Uncut - 09/01/2005
"A BUCKET OF BLOOD sees the director firing on all cylinders....A gleeful evisceration of boho beatnik chic."
Description by OLDIES.com:
Dick Miller is Walter Paisley, a nerdy waiter and busboy at a Bohemian cafe teeming with beatniks and colorful hustlers. Paisley is jealous of the swinging social lives of the creative types who hang out at the cafe and wishes he could be a part of their crowd. A twist of fate answers his wish after he accidentally kills his landlady's cat, covers it in clay, and is heralded as a visionary genius. Paisley's work of art (titled "Dead Cat") is such an artistic triumph that he's inundated with requests for more pieces. When a snoopy undercover cop tries to pin a drug-possession charge on Paisley, the cop finds himself on the wrong end of a cast-iron skillet and Paisley discovers a new way to manufacture his art. Bucket of Blood, a wildly comedic horror film, is one of the most interesting and original films of Corman's career and deserves to be regarded as a rediscovered gem. This black-comedy pre-figures another of screenwriter Charles Griffith/Roger Corman collaborations, the much acclaimed The Little Shop of Horrors.
Bumbling busboy Walter Paisley (Dick Miller) works at a beatnik coffeehouse populated by artists, poets, and dope addicts. He longs to belong and, inspired by the poetry around him, tries his hand at sculpting. When he accidentally kills a cat and covers it with clay, it becomes a celebrated work of art. Soon Walter has moved on to killing people and is the hit of the local art scene. Roger Corman regulars Barboura Morris and Anthony Carbone are the couple running the coffeehouse who are first exalted by Walter's success and then rather worried. Director Corman shot this little gem of black comedy in an amazing five days for $50,000. It's since become a true cult classic, practically inventing its own genre and perfectly satirizing the self-righteousness of the then-emerging beatnik movement, not to mention the whole world of contemporary art. Miller lends pathos as Walter, and the rest of the cast is just hilarious, particularly Julian Burton as the pretentious and portly poet whose recitation on the "artist" (accompanied by jazz sax solo) opens the film. Corman reused the same general tone and story for THE LITTLE SHOP OF HORRORS the following year.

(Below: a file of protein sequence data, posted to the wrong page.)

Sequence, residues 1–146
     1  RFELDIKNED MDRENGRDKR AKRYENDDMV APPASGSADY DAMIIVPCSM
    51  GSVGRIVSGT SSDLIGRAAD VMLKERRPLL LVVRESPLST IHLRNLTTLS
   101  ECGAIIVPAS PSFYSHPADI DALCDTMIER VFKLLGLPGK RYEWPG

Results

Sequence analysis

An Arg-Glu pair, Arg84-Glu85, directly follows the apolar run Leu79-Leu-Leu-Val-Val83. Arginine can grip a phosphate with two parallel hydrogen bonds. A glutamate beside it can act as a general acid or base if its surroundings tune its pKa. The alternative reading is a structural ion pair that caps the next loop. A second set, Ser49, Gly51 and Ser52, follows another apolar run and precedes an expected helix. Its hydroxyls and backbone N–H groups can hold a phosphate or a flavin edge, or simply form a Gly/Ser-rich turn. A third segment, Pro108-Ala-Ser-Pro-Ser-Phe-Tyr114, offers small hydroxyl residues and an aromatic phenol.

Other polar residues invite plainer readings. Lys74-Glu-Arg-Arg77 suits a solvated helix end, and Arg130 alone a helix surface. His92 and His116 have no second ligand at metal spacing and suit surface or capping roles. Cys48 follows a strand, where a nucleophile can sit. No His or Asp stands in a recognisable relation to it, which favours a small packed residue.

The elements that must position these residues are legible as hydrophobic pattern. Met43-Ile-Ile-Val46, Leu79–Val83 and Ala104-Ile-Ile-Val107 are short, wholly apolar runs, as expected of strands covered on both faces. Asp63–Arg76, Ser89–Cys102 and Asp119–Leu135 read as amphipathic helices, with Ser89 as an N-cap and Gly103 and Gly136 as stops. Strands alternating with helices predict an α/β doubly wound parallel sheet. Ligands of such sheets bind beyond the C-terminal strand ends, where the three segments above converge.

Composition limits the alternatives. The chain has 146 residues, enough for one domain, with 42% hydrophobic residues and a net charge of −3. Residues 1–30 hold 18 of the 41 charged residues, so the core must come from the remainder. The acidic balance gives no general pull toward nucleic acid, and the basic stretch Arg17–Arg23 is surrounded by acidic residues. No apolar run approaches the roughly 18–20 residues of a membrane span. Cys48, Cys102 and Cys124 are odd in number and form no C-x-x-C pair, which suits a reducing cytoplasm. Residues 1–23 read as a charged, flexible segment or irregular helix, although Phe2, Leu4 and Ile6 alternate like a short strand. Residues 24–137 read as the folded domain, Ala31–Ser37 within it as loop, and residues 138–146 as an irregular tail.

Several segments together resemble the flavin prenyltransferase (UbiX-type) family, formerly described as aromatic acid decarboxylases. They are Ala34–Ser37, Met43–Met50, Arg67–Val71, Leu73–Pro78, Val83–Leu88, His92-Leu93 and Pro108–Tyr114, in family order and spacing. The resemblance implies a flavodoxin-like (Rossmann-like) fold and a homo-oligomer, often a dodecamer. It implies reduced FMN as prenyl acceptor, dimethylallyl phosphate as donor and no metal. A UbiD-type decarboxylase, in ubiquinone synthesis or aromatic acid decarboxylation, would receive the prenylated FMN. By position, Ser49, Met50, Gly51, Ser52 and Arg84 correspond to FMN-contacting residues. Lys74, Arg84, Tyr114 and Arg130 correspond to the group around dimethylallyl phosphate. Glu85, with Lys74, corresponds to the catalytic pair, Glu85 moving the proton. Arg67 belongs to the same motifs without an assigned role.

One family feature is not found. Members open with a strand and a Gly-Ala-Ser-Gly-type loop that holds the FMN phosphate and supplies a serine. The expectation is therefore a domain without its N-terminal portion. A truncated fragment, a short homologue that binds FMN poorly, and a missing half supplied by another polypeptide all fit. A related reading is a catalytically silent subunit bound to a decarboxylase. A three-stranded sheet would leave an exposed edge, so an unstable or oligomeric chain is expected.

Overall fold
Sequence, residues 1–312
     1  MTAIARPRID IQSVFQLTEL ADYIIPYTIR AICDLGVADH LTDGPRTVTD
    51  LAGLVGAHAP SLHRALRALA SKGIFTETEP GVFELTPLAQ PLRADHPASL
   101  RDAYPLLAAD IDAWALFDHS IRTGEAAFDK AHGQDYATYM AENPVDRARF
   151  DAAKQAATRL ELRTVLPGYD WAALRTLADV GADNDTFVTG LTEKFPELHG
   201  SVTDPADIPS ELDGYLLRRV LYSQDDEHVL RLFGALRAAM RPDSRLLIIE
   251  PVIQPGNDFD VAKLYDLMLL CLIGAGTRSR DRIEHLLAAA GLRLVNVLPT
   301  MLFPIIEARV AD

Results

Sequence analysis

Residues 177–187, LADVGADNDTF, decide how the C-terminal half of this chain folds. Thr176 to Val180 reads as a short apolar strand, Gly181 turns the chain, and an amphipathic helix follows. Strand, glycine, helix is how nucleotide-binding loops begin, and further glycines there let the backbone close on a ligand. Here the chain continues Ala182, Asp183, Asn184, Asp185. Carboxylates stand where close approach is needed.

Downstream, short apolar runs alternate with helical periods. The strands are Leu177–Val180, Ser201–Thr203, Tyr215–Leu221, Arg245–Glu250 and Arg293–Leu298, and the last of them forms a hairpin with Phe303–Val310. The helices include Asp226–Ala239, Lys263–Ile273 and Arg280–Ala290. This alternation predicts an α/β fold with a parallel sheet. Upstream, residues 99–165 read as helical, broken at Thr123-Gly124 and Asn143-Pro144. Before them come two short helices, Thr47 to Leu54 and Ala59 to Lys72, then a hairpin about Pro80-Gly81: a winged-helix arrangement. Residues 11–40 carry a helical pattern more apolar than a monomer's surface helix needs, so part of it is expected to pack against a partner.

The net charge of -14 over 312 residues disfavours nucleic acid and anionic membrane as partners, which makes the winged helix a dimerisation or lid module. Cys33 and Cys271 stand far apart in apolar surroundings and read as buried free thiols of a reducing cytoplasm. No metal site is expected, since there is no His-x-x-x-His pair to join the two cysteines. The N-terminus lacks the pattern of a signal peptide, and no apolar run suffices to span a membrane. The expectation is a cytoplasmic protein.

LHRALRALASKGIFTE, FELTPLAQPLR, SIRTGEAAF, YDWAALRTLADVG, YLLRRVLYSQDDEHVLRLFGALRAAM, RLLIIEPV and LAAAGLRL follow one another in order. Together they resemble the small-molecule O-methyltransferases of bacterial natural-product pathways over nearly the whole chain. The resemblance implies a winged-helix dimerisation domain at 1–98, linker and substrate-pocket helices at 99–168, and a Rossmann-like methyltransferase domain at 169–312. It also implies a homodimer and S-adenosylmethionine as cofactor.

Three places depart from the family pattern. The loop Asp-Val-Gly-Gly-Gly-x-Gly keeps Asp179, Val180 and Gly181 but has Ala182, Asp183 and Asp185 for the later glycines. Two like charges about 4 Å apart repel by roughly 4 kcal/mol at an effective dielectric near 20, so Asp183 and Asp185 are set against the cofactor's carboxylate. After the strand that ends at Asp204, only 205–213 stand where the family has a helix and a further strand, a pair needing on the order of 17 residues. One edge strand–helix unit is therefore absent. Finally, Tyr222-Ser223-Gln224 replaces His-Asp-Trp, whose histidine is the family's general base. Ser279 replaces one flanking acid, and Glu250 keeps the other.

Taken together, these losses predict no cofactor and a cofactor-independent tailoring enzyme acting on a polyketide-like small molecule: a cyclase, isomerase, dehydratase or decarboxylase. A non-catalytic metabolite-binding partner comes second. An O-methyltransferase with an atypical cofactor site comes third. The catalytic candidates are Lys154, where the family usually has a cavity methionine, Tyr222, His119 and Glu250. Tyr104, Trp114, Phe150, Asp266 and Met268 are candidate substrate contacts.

Art / Artists |
Cult Film |
A Bucket Of Blood
Movie Lover: kbone from
Right Here -- April, 1, 2004
D. Miller plays basically the same lead character as found in Little Shop of Horrors...The story line kind of mirrors Little shop of horrors as well...Either way great entertainment...Good movie good characters and a story line that moves along well enough to keep you interested.. Worth a look
Like, Crazy, Man!
Movie Lover: Film Flops Critic from
Trumbull, CT US -- September, 18, 2003
This film is not only a black comedy but a very apt comment on its time...and perhaps our time, too. Like its younger sibling, "Little Shop of Horrors", it contains a lot of humor, but not the Gravis Mushnick-accented kind. Rather, most of its humor lies in dialogue delivered by beatniks, hipsters, self-proclaimed genius poets and artists, and pseudo-hip wannabes. Where "Little Shop of Horrors" is almost non-stop shtick, "Bucket of Blood" succeeds in striking a more thoughtful chord by making us think about cultural values (without us realizing we're thinking!).This is a Roger Corman film that really strikes a chord. Buy it! Oh, and if you care more about the film quality than the film itself, it's good quality you get on this DVD.
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